Red Cocoon Harbours Young Stars

On Earth, cocoons are associated with new life. There are “cocoons” in space too, but, rather than protecting pupae as they transform into moths, they are the birthplaces of new stars.

The red cloud seen in this image, taken with the EFOSC2 instrument on ESO’s New Technology Telescope, is a perfect example of one of these star-forming regions. This is a view of a cloud called RCW 88, which is located about ten thousand light-years away and is about nine light-years across. It is not made of silk, like a moth’s cocoon, but of glowing hydrogen gas that surrounds the recently formed stars. The new stars form from clouds of this hydrogen gas as they collapse under their own gravity. Some of the more developed stars, already shining brightly, can even be seen peering through the cloud.

These hot young stars are very energetic and emit large amounts of ultraviolet radiation, which strips the electrons from the hydrogen atoms in the cloud, leaving the positively charged nuclei — protons. As the electrons are recaptured by the protons, they can emit H-alpha light, which has a characteristic red glow.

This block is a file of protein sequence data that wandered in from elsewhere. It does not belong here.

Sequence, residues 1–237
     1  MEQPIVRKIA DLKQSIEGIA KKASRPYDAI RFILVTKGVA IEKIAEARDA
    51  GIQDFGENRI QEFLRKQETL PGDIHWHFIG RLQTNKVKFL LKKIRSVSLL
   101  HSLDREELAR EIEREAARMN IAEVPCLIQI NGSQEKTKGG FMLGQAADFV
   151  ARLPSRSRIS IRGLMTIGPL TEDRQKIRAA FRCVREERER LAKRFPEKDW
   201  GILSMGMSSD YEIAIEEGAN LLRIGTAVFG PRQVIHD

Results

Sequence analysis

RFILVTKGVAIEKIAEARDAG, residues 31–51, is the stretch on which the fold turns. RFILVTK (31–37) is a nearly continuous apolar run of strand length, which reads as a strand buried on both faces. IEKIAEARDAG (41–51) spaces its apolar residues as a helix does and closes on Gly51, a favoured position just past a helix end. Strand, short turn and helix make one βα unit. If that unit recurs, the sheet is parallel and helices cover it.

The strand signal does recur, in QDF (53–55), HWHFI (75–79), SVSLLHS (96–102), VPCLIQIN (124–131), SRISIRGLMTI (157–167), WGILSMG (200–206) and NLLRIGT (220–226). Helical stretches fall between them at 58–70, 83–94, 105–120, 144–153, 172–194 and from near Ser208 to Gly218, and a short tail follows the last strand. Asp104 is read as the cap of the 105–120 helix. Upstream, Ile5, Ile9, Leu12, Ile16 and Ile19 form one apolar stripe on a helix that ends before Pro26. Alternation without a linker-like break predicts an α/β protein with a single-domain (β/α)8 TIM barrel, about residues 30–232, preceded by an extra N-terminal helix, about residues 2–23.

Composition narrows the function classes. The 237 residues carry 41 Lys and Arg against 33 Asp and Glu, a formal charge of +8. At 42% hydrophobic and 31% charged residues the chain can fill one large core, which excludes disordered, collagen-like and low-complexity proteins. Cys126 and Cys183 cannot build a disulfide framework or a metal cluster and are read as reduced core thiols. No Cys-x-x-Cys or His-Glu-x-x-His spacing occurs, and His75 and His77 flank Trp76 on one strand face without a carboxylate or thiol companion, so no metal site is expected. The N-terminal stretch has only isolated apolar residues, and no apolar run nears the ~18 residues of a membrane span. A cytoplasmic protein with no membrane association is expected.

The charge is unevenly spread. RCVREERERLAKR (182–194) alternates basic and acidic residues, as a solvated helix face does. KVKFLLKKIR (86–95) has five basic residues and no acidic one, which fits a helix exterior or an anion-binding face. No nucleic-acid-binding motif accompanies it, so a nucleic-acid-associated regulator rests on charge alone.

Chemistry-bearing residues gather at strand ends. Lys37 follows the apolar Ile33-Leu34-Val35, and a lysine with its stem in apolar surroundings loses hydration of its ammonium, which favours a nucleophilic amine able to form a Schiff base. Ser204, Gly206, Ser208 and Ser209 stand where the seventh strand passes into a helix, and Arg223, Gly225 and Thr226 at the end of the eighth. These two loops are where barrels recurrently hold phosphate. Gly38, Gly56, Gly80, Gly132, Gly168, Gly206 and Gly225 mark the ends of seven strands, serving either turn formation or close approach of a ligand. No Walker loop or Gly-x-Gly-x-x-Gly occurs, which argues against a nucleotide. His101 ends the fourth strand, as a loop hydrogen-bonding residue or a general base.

Observing the sky through an H-alpha filter is the easiest way for astronomers to find these star-forming regions. A dedicated H-alpha filter was one of the four filters used to produce this image.

Credit:

ESO

About the Image

Id:potw1231a
Type:Observation
Release date:30 July 2012, 10:00
Size:937 x 914 px

About the Object

Name:RCW 88
Type:• Milky Way : Nebula : Type : Star Formation
• X - Nebulae
Distance:10000 light years
Constellation:Circinus

Image Formats

JPEG grande
402.4 KB
Screensize JPEG
324.2 KB

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Coordinates

Position (RA):15 7 7.89
Position (Dec):-57° 48' 18.28"
Field of view:3.76 x 3.67 arcminutes
Orientation:North is 0.0° left of vertical

Colours & filters

BandTelescope
Optical
B
New Technology Telescope
EFOSC2
Optical
V
New Technology Telescope
EFOSC2
Optical
R
New Technology Telescope
EFOSC2
Optical
H-alpha
New Technology Telescope
EFOSC2

 

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